Building an Inbox with SwiftUI

Helder Pinhal
May 15 2020
Posted in Engineering & Technology

Experimenting with Apple's new declarative UI framework

It has been nearly a year since Apple announced SwiftUI — a new declarative UI framework. Because it's a very young framework, lacking in features when compared to UIKit, we would not recommended it in a production app. But SwiftUI is definitely a glimpse of the future and we truly believe it will become the number one choice for developers.

In this article, I will guide you through the making of an in-app message inbox using SwiftUI, exploring the navigation and list components.

Before we get started, all the code is open-source and available on GitHub, divided into three parts:

Part 1 - a static inbox

Let’s get started by downloading the boilerplate code. This includes some sample data to help you build the UI and some utility components to handle the asynchronous loading of images.

Creating the traditional cell

Our view will display some information about the notification (inbox item) namely:

  1. Title
  2. Message
  3. How long ago it has been received
  4. The status (read / unread)
  5. A colour indicator
  6. The attachment preview (if applicable)

Create a new SwiftUI view via Cmd(⌘) + N > SwiftUI View named InboxItemView.

Let’s start by setting up the InboxItem property and the Live Preview of our view.

struct InboxItemView: View {
    var inboxItem: InboxItem

    var body: some View {
        Text("Hello, World!")
    }
}

struct InboxItemView_Previews: PreviewProvider {
    static var previews: some View {
        InboxItemView(inboxItem: inboxItems[0])
    }
}

Proceed to create some auxiliary views for the indicator and attachment.

private var itemIndicator: some View {
    inboxItem.color
        .frame(width: 4, height: 40)
        .clipShape(RoundedRectangle(cornerRadius: 8))
}

private var attachmentPlaceholder: some View {
    Color.black
        .opacity(0)
        .frame(width: 80, height: 60)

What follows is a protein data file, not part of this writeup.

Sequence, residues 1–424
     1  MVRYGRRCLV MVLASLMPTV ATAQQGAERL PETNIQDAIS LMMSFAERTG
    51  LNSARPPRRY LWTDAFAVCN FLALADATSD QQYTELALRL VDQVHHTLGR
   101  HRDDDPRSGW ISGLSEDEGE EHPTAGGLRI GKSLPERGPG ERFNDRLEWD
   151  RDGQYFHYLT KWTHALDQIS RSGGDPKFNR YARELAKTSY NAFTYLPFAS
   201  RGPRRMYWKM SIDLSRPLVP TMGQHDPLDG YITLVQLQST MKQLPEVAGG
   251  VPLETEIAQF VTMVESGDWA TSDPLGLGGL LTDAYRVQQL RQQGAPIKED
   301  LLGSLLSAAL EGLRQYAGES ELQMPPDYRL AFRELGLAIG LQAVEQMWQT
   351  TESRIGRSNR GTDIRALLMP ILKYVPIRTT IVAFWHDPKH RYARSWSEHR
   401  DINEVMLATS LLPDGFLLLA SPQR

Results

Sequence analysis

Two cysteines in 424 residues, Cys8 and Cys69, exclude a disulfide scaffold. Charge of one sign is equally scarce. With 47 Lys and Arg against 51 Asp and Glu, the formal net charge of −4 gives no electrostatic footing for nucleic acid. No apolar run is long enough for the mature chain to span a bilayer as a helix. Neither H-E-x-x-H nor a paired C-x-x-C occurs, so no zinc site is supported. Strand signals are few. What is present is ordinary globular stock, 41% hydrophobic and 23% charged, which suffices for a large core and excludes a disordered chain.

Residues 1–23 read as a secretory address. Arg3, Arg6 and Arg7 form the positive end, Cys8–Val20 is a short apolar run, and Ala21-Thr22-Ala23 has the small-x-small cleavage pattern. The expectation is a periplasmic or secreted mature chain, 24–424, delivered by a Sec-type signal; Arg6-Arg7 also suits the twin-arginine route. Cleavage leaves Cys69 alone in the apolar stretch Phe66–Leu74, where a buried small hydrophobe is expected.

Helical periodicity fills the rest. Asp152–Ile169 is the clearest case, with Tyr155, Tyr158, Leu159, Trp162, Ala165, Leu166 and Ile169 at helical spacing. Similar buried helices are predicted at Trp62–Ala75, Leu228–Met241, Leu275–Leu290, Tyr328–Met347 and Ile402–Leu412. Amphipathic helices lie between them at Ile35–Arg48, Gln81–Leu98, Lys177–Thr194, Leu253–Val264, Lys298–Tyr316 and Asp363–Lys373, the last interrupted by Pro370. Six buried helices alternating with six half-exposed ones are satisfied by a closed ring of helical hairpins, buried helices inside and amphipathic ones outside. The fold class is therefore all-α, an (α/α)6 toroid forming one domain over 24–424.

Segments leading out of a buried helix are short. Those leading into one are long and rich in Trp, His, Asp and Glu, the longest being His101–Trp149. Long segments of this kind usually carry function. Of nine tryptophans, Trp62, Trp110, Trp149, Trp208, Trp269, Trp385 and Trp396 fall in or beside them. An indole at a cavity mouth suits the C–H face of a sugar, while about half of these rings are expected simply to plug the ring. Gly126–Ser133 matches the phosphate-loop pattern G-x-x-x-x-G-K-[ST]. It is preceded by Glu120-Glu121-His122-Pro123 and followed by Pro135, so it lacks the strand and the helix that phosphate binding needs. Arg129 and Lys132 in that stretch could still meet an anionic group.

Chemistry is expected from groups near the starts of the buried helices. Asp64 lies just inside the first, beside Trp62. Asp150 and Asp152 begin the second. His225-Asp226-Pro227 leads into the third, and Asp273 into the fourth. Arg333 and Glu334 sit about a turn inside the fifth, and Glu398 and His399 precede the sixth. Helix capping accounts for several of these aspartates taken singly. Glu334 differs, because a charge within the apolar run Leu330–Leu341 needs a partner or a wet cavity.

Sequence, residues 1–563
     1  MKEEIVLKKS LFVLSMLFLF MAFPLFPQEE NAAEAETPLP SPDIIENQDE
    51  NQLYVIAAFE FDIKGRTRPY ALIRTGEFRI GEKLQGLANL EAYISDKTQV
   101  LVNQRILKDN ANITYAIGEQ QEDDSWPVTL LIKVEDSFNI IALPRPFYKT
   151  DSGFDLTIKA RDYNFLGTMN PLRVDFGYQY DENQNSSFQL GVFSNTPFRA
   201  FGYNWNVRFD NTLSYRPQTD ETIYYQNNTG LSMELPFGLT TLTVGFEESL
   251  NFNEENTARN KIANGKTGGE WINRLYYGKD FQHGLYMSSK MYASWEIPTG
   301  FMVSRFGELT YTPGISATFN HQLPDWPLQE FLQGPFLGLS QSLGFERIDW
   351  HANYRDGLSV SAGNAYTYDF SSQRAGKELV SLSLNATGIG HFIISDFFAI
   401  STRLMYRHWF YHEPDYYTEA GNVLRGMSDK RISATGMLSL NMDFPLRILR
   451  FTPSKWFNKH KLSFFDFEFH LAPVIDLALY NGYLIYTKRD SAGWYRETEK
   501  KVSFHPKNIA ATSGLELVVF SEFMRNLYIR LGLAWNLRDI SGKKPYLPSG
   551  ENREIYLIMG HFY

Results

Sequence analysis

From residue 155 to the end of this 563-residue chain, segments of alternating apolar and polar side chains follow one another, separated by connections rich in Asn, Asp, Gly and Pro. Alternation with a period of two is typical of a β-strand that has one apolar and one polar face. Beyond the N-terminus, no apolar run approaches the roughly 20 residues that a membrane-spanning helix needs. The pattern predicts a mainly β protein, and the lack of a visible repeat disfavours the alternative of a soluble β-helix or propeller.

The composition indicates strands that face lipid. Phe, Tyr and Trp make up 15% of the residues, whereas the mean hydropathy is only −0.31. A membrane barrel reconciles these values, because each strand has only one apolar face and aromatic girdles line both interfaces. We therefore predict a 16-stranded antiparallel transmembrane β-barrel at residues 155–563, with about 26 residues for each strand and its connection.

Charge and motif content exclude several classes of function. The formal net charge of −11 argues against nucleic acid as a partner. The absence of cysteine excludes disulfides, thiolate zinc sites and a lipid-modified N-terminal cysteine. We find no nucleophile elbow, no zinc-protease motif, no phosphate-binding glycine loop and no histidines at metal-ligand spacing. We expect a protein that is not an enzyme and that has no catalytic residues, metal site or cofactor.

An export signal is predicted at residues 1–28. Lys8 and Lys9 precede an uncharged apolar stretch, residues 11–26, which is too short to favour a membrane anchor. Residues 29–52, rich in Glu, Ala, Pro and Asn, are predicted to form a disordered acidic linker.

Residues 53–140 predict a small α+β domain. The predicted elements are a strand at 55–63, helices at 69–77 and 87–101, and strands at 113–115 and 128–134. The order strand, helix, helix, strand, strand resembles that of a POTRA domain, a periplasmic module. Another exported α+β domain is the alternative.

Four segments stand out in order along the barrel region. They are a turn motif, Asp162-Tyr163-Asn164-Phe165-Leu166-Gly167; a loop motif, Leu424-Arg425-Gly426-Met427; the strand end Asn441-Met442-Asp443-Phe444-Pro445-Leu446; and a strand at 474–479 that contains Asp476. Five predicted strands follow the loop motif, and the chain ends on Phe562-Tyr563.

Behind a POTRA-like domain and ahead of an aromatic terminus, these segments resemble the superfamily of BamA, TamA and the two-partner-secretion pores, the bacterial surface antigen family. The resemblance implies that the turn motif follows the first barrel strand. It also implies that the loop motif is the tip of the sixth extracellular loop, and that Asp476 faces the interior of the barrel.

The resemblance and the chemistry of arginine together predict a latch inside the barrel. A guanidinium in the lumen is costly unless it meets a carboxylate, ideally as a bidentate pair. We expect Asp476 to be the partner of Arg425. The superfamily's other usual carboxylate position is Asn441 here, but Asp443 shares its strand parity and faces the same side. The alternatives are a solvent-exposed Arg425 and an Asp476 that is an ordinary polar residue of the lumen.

.clipShape(RoundedRectangle(cornerRadius: 8))
        .overlay(RoundedRectangle(cornerRadius: 8).stroke(self.inboxItem.color, lineWidth: 2))
}

private var attachmentErrorPlaceholder: some View {
    Image(systemName: "xmark.icloud.fill")
        .resizable()
        .aspectRatio(contentMode: .fit)
        .padding()
        .frame(width: 80, height: 60)
        .clipShape(RoundedRectangle(cornerRadius: 8))
        .overlay(RoundedRectangle(cornerRadius: 8).stroke(self.inboxItem.color, lineWidth: 2))
}

Now we’re ready to setup the contents of our InboxItemView. We will create a horizontal stack with the indicator & attachment, followed by the title & message and lastly the time indicator & read status. Replace the body with the following:

var body: some View {
    HStack(alignment: .top, spacing: 0) {
        if inboxItem.attachment != nil {
            AsyncImage(
                url: URL(string: inboxItem.attachment!)!,
                cache: self.cache,
                placeholder: attachmentPlaceholder,
                errorPlaceholder: attachmentErrorPlaceholder,
                content: {
                    $0.resizable()
                        .aspectRatio(contentMode: .fit)
                        .frame(width: 80, height: 60)
                        .clipShape(RoundedRectangle(cornerRadius: 8))
                        .overlay(RoundedRectangle(cornerRadius: 8).stroke(self.inboxItem.color, lineWidth: 2))
                }
            )
        } else {
            itemIndicator
        }

        VStack(alignment: .leading) {
            Text(inboxItem.title)
                .font(.headline)
                .lineLimit(1)
                .truncationMode(.tail)

            Text(inboxItem.message)
                .font(.body)
                .opacity(0.54)
                .lineLimit(2)
                .truncationMode(.tail)
        }
        .padding(.horizontal)

        Spacer()

        VStack {
            Text(Date(fromIso8601String: inboxItem.receivedAt)!.timeAgo)
                .font(.caption)
                .opacity(0.54)

            if !inboxItem.read {
                Text("")
                    .frame(width: 8, height: 8)
                    .background(Color.blue)
                    .clipShape(Circle())
                    .padding(.top)
            }
        }
    }
    .padding()
}

Our AsyncImage requires an image cache to which we can provide by adding @Environment(\.imageCache) var cache: ImageCache to the top of our InboxItemView struct.

If you haven’t done so, after building the project the Live Preview should reflect the final result of what we just built.

Setting up the list

Let's move the focus to our ContentView which should be the default that you get when you've created/opened the project. Here we will add a NavigationView required to setup the navigation bar, and further down the line to deal with opening inbox items, as well as the unread count of our inbox and a list with its items.